Do you think it’s possible for artificial intelligence to COMPLETELY
replace motion designers. If so, how soon do you expect that to happen?
What a great question, thank you.
The short answer, is “No” 🙂
IMHO: Many of the suppliers out there suddenly offering A.I., has only removed “Machine Learning” from their product description, and suddenly replaced it with A.I. without adding “intelligence” to the product.
OK, that was harsh, but on point.
If you come from the point that A.I. is an actual being, will it ever have your understanding of creativity, aesthetics, functionality and messaging? (there is a likely to be a few more descriptive words to add to that list)
Of course it won’t, because just like humans, we, and the A.I. are all individuals.
But it will, much faster than a human, be able to learn your way of doing motion design, and replicate that look and feel.
Which by the way is only useful to the A.I. if someone can articulate what their desired end result is – therein you’ll find that understanding the needs of your client, often is more important than the execution of the job itself.
Have you ever tried to work as a supplier in a long chain where there is external PR, communications and marketing companies working with internal managers at large scale businesses? Often everybody has to make a change to your work, except, a month later, the Fortune 500 CEO gets to watch the “community version” of your work, and their final changes takes it back to be exactly like the first version you delivered…
Keep in mind that most, if not all A.I. today, is “trained” using source of information that is only available on-line. If you take a specific point, space, location, in time, you may feel the rain, see an angle that has never been photographed, whilst having the smell of spring in the air (any of those words can be replaced. but you get the meaning). The A.I. can not generate that feeling or knowledge if it does not have it. The same goes for empathy, love, hate, compassion, anger – the “Machine Learning mechanism” can explain it, but can not feel it.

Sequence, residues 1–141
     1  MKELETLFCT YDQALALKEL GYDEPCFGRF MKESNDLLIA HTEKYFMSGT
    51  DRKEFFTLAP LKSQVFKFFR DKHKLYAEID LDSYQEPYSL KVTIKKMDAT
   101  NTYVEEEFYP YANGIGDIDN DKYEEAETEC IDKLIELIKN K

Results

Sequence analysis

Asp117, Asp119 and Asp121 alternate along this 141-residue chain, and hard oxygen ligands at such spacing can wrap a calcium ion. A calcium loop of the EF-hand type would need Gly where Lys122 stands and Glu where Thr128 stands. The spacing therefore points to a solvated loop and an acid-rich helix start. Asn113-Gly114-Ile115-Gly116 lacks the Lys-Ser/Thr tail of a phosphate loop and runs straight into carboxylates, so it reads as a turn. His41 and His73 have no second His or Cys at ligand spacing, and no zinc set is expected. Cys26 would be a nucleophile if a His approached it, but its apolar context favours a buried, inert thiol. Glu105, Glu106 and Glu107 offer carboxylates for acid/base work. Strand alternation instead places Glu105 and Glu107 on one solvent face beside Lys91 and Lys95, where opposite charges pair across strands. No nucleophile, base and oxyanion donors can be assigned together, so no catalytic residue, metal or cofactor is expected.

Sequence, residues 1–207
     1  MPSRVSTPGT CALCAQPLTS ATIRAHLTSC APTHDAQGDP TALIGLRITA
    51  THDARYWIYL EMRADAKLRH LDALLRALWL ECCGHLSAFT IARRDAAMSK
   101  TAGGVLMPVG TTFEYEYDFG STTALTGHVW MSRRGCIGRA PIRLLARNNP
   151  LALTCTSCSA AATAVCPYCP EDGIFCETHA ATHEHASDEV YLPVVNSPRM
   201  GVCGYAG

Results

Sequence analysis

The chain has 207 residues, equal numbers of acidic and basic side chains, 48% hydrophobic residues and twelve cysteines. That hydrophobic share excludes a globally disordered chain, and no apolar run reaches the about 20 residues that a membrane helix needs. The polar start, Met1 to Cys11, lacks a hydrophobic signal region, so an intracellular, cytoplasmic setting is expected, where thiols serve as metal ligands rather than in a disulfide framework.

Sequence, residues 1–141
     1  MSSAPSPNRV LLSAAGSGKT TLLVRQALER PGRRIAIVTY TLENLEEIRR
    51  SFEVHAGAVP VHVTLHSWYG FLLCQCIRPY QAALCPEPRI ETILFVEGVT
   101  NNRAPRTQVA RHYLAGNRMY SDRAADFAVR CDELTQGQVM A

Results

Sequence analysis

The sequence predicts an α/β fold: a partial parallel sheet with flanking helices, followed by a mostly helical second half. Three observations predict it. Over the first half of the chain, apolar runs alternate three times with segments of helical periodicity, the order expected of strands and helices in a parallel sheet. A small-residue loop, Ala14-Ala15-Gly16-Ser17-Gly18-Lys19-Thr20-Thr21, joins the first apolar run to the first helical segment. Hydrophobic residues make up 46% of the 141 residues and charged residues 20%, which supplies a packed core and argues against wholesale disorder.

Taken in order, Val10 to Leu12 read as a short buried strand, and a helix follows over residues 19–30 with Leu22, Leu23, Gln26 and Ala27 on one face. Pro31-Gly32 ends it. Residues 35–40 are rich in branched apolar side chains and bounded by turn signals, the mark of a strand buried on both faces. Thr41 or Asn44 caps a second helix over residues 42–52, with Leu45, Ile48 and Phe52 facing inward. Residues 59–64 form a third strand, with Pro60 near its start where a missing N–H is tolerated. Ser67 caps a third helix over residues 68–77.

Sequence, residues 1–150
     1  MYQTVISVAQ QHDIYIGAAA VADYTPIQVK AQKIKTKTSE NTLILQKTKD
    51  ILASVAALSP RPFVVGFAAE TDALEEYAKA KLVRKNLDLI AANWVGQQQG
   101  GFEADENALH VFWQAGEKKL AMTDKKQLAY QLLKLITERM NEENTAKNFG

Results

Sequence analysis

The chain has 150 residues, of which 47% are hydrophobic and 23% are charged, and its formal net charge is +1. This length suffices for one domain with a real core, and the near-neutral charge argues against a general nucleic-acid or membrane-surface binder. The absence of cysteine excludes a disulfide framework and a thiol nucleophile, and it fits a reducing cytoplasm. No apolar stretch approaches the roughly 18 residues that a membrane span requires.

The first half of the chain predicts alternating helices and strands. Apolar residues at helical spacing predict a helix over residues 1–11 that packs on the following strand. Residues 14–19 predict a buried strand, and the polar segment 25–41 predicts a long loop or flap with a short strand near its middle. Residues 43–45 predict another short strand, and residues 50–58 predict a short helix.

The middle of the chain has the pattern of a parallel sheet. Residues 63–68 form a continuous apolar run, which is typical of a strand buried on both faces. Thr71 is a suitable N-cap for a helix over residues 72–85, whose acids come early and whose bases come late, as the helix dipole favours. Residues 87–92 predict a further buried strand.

When all that is said, A.I. is undoubtedly a game changer to our industry, any industry, and if left unchecked it can wreak havoc.
But on the positive side, anyone working in Motion Design today are already using A.I. to make better and faster results in their work.
One example is Adobe Sensei, which are already speeding up how work is done in Creative Cloud products such as After Effects, Photoshop, Premiere Pro and so forth.
Except, once you read the fine print, you might come to the conclusion that Adobe, which has got one of the largest ever set of data points ever collected, that this data is what goes into their Machine Learning. Because Adobe Sensei can not accurately tell whether it is the cat, or the dog, that you the designer want to remove from the picture. But once you tell it, it will do it much faster and neater, than how you would have done it previously.
If you look at history, these tools will be a game-changer to the industry. And you either have to keep on up-skilling, or be left behind.
One good example is from back in the day when large corporate presentations was done on DIA slide projectors. Where the slides was expensive and time-consuming to make, and the projectors took time and loads of effort to program – that whole industry got replaced by PowerPoint and video projection.
Back then, executive human “A.I.” clients in pursuit of cost savings, allowed themselves to be guided by the Comic Sans font, low resolution over the top bar-charts and family photos to make up for professional photographs. Soon they found professional designers who could deliver the job, better. Whilst also getting the message across to an audience otherwise bewildered.
The role of a good Motion Designer will always be in demand, but whether they will ever again create and use a new key-frame, is the big question?
Just an opinion 😀